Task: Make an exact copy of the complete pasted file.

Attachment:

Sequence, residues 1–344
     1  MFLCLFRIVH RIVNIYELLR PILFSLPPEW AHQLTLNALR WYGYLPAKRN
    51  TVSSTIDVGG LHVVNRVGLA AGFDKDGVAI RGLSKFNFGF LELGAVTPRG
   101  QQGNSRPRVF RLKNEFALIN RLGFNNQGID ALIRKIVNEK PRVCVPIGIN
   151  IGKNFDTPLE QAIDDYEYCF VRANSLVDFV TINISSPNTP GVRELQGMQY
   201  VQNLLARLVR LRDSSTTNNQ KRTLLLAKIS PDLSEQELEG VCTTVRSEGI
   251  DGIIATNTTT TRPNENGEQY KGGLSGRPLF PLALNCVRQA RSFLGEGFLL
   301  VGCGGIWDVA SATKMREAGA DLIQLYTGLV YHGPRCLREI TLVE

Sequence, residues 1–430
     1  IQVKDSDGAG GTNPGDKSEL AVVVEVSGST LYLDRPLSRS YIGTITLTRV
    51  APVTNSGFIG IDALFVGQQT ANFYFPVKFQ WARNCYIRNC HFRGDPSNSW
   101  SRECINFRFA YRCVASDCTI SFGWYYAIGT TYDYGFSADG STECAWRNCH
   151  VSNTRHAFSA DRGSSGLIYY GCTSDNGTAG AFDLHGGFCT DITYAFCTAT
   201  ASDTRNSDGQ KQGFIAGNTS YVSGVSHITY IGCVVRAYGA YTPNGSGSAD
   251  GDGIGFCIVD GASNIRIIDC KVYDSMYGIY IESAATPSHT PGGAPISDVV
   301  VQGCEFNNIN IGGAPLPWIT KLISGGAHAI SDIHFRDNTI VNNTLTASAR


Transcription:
Sequence, residues 1–344
     1  MFLCLFRIVH RIVNIYELLR PILFSLPPEW AHQLTLNALR WYGYLPAKRN
    51  TVSSTIDVGG LHVVNRVGLA AGFDKDGVAI RGLSKFNFGF LELGAVTPRG
   101  QQGNSRPRVF RLKNEFALIN RLGFNNQGID ALIRKIVNEK PRVCVPIGIN
   151  IGKNFDTPLE QAIDDYEYCF VRANSLVDFV TINISSPNTP GVRELQGMQY
   201  VQNLLARLVR LRDSSTTNNQ KRTLLLAKIS PDLSEQELEG VCTTVRSEGI
   251  DGIIATNTTT TRPNENGEQY KGGLSGRPLF PLALNCVRQA RSFLGEGFLL
   301  VGCGGIWDVA SATKMREAGA DLIQLYTGLV YHGPRCLREI TLVE

Sequence, residues 1–430
     1  IQVKDSDGAG GTNPGDKSEL AVVVEVSGST LYLDRPLSRS YIGTITLTRV
    51  APVTNSGFIG IDALFVGQQT ANFYFPVKFQ WARNCYIRNC HFRGDPSNSW
   101  SRECINFRFA YRCVASDCTI SFGWYYAIGT TYDYGFSADG STECAWRNCH
   151  VSNTRHAFSA DRGSSGLIYY GCTSDNGTAG AFDLHGGFCT DITYAFCTAT
   201  ASDTRNSDGQ KQGFIAGNTS YVSGVSHITY IGCVVRAYGA YTPNGSGSAD
   251  GDGIGFCIVD GASNIRIIDC KVYDSMYGIY IESAATPSHT PGGAPISDVV
   301  VQGCEFNNIN IGGAPLPWIT KLISGGAHAI SDIHFRDNTI VNNTLTASAR